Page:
- Deferred remuneration: deferring certain variable remuneration, and imposing variable remuneration reductions for breach of accountability obligations. Pleasingly, the deferral period will be for a minimum of 4 years for FAR, rather than up to 6 years under the revised draft Prudential Standard CPS 511 Remuneration;
- Notification: accountability statements and accountability maps (if required depending on the size of the accountable entity), breach of FAR obligations, and dismissal or suspension of an accountable person; and
- Accountable persons: for example:
- by acting with honesty and integrity, and with due skill, care and diligence;
- dealing with ‘regulator’ (i.e. each of ASIC and APRA) in an open, constructive and cooperative way; and
- taking reasonable steps in conducting their responsibilities to ensure that the accountable entity complies with various laws administered by APRA or ASIC, including regulations and instruments made under those laws. This is a significant broadening of what was proposed in Treasury’s January 2020 FAR consultation paper, which was to “take reasonable…to ensure that the entity complies with its licensing obligations”.
What ‘reasonable steps’ can be taken to comply with FAR obligations?
FAR prescribes the following inclusive list of ‘reasonable steps’ that can be taken:
- having appropriate governance, control and risk management in relation to that matter; and
- having safeguards against inappropriate delegations of responsibility in relation to that matter; and
- having appropriate procedures for identifying and remediating problems that arise or may arise in relation to that matter; and
- taking appropriate action to ensure compliance in relation to that matter; and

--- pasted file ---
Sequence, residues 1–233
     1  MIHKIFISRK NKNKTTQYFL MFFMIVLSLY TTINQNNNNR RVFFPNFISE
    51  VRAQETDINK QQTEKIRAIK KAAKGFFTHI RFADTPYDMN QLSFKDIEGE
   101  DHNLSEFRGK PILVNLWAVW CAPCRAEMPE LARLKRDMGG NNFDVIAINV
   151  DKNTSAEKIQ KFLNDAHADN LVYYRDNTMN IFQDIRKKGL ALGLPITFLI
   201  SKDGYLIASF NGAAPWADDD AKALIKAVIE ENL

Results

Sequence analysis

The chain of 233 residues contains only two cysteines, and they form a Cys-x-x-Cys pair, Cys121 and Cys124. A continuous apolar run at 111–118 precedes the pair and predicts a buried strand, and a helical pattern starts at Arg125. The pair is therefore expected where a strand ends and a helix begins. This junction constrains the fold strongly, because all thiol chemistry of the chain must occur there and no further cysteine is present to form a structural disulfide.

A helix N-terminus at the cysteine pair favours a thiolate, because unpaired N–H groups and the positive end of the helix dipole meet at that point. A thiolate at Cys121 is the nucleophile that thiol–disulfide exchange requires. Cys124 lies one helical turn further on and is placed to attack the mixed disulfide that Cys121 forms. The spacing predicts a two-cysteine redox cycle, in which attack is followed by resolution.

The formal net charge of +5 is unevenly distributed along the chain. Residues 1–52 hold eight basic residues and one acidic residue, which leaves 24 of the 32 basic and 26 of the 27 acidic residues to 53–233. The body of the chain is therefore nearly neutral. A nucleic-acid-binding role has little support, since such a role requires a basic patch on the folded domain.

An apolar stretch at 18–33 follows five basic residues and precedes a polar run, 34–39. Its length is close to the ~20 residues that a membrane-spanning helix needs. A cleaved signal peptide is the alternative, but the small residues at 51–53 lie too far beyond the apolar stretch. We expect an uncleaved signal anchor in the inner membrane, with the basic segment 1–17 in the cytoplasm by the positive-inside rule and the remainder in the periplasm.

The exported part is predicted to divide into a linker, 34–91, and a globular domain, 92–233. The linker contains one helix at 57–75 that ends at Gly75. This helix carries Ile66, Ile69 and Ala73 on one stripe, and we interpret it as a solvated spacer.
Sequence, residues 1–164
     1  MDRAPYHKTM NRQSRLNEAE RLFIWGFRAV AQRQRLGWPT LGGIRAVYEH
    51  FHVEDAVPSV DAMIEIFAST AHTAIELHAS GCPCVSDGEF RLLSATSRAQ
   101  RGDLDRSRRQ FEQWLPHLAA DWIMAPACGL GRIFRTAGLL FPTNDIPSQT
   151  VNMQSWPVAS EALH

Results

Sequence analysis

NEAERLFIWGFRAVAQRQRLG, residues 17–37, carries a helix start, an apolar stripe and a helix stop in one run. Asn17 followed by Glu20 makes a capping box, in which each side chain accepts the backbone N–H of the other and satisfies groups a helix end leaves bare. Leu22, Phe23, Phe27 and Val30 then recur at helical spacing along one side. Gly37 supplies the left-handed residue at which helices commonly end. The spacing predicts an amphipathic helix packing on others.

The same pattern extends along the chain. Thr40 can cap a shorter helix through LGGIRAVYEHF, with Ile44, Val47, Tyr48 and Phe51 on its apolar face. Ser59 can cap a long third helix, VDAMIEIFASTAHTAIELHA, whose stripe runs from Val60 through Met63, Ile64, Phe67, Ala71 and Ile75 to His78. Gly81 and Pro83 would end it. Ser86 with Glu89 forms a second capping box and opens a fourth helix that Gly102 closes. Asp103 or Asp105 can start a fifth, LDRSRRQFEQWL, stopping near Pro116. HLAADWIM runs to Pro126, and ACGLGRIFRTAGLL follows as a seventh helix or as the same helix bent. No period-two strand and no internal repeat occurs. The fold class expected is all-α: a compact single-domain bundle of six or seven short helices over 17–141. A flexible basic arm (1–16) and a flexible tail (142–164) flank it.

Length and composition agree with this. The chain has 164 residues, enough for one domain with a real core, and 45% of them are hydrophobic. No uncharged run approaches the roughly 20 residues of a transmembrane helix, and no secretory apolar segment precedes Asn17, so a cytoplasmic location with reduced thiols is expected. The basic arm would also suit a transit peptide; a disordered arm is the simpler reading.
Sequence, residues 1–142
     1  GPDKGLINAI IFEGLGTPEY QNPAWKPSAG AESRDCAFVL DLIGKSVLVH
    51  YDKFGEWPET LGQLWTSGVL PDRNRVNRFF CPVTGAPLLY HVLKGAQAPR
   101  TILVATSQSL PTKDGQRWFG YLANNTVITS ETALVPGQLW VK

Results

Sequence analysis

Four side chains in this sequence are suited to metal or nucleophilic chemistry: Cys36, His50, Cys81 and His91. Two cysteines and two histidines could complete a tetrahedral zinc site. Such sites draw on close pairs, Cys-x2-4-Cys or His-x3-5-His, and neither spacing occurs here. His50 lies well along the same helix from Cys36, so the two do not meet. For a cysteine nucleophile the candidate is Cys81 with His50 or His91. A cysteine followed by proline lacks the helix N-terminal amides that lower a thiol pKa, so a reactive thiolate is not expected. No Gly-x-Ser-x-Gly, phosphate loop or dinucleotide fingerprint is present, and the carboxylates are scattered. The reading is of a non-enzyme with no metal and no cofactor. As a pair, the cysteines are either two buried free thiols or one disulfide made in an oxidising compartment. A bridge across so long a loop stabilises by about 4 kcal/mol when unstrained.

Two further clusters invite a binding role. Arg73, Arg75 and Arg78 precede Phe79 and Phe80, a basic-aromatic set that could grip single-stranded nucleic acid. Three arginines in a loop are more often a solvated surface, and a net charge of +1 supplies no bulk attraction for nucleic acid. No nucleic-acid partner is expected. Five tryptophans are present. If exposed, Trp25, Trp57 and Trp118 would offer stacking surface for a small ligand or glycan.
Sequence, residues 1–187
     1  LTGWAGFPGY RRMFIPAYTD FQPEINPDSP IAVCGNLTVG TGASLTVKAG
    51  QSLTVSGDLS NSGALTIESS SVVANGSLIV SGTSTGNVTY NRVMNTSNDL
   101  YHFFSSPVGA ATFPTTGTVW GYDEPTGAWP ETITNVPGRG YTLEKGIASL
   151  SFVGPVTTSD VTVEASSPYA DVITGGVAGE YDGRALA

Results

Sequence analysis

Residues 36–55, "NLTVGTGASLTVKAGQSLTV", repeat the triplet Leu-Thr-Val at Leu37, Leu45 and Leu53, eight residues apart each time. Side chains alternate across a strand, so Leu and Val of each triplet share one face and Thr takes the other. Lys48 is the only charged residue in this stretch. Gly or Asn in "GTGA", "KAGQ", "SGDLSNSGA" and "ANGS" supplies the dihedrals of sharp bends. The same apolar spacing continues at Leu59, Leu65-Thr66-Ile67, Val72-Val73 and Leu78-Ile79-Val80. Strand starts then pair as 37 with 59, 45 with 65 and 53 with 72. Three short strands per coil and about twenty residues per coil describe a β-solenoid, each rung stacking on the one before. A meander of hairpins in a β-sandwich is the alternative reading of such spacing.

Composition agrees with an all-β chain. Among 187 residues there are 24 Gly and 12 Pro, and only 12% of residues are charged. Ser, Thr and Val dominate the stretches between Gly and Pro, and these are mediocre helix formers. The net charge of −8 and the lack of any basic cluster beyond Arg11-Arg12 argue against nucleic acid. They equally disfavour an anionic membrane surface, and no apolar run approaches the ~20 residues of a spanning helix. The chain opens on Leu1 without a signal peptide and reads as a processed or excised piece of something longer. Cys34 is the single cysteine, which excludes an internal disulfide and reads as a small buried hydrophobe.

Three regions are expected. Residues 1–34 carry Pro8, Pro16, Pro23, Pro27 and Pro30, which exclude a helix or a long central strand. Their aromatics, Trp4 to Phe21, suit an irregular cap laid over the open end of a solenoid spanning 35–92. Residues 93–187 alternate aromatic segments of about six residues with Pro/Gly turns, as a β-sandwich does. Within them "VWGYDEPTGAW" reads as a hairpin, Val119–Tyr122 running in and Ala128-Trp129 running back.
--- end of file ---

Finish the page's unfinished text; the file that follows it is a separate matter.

- taking appropriate action in response to non-compliance, or suspected non-compliance, in relation to that matter.
Who has a regulatory role under FAR and what is that role?
Unlike BEAR, for FAR both ASIC and APRA will have a regulatory role. APRA and ASIC must enter into an arrangement relating to the administration of FAR within 6 months of commencement.
When will FAR be introduced into Parliament and when do regulated entities need to comply with FAR?
A Treasury Q&A document indicates that the FAR Bill will be introduced into Parliament in the Spring 2021 sittings. For ADIs and NOHCs, FAR is proposed to apply from the later of 1 July 2022 or 6 months after commencement of the FAR Bill. For other accountable entities, FAR is proposed to apply from the later of 1 July 2023 or 18 months after commencement of the FAR Bill.
What regulatory remedies are there for potential non-compliance with FAR?
- disqualification of accountable persons;
- appointment of an investigator;
- compulsory examination;
- compulsory directions (including to reconstruct, amalgamate or otherwise alter all or part of an accountable entity’s business, structure or organisation, and to re-allocate responsibilities);
- civil penalties for accountable entities. FAR will not impose civil penalty liability on accountable persons. This is a significant change to the position in the January 2020 consultation;
- enforceable undertakings; and
What are some initial key issues with FAR?
Some issues include:
- the potential scope and effect of the accountability obligation in respect to laws administered by APRA or ASIC – this could prove to be a very onerous obligation in practice; and
- the scope of the directions power and secrecy provisions for that power.
When does consultation finish?
The consultation period ends on 13 August 2021.